Crop Production and Profitability in Ayeyarwaddy and Yangon Regions

Myanmar Aquaculture-Agriculture Survey: Results Dissemination Workshop
Crop Production and Profitability in Ayeyarwaddy and Yangon Regions

Ame Cho, Centre for Economic and Social Development

USAID Burma and LIFT
Yangon, Myanmar
June 30, 2017

ABSTRACT
Agriculture is central to Myanmar’s rural economy, and Ayeyarwady and Yangon regions are the country’s ‘rice bowl’, but few detailed data are available on the characteristics of agriculture in this important location. The Myanmar Aquaculture-Agriculture Survey (MAAS) addressed this knowledge gap through a statistically representative survey of 329 agricultural households in Maubin, Nyaundong, Twantay and Kayan townships, in Ayeyarwady and Yangon regions, as part of a larger survey of 1102 rural households.

The following key results stand out:
(1) Levels of landlessness are high. 56% of households had no agricultural land at all.

(2) Most farms are small, and land is unequally distributed. 49% of households have <5 acres of land, and the third of households with the smallest landholdings own just 3% of all crop land (an average of 1.5 acres each).

(3) Monsoon paddy dominates production in monsoon season (when virtually all farmers produce it), but green gram and dry season paddy are the two most important crops in terms of income.

(4) The smallest farms are the most diversified, earning proportionally more of their incomes from vegetables, livestock and other crops than large farms, whereas large farms most of their incomes from dry season paddy.

(5) Access to irrigation in dry season is limited, with the smallest farms having the least access.

(6) Average paddy yields are low in comparison to most other Asian countries, at 3.3 t/ha.

(7) Average profits from the main field crops are low. The most widely grown crop, monsoon paddy, generates a net return of just $88/acre. Dry season paddy generates a higher return ($157/acre) but also has high production costs. Green gram produces the highest average returns, at $267/acre, and has intermediate production costs.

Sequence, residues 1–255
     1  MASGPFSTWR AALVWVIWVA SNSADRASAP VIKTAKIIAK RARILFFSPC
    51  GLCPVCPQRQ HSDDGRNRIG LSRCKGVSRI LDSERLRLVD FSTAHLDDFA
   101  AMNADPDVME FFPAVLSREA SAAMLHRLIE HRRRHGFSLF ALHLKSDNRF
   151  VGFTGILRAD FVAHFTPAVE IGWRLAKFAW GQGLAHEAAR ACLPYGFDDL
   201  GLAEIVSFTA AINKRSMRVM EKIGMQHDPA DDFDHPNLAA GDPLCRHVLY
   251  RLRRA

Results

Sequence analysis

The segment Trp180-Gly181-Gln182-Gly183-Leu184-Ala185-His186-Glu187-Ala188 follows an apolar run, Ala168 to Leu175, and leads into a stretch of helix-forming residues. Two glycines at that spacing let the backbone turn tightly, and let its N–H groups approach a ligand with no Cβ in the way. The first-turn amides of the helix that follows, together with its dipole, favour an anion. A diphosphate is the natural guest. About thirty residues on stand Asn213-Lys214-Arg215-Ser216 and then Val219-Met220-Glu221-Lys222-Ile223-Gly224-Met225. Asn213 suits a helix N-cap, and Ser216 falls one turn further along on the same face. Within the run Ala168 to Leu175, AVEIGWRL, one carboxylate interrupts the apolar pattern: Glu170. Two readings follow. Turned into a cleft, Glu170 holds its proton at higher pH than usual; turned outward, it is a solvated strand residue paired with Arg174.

(8) Casual labor, fertilizers and agricultural machinery account for the majority of production costs for paddy and green gram. Farms that use combine harvesters to harvest paddy use less than half as much labor as farms that harvest paddy manually.

(9) Farms of all sizes are very strongly commercially oriented. For example, farms producing monsoon paddy (including the smallest) sell three quarters of the paddy they produce. An even higher percentage of dry season paddy and green gram is sold.

(10) The share of households using herbicides, and improved varieties of seed for monsoon season paddy cultivation increased significantly between 2006 and 2016, from a low base, and dry season paddy yields also increased, from 66 to 74 baskets per acre, but there was little change in input use or yields for monsoon paddy.

(11) Seeds for monsoon and dry season paddy and green gram are overwhelmingly sourced from farmers’ own reserves, or from other farmers, with little seed purchased from specialized input traders, government or other sources.

Based on these results, the following recommendations are advanced:

  • Undertake benefit-cost analysis of improved drainage to allow increased paddy cultivation in monsoon season.
  • Increase access to irrigation for dry season crops cultivation.
  • Enhance access to improved varieties for all major crops.
  • Identify pulses varieties that allows mechanized harvesting.
  • Encourage crop and livestock diversification.
  • Improve the productivity & profitability of green gram production (varieties, irrigation access, integrated pest management).

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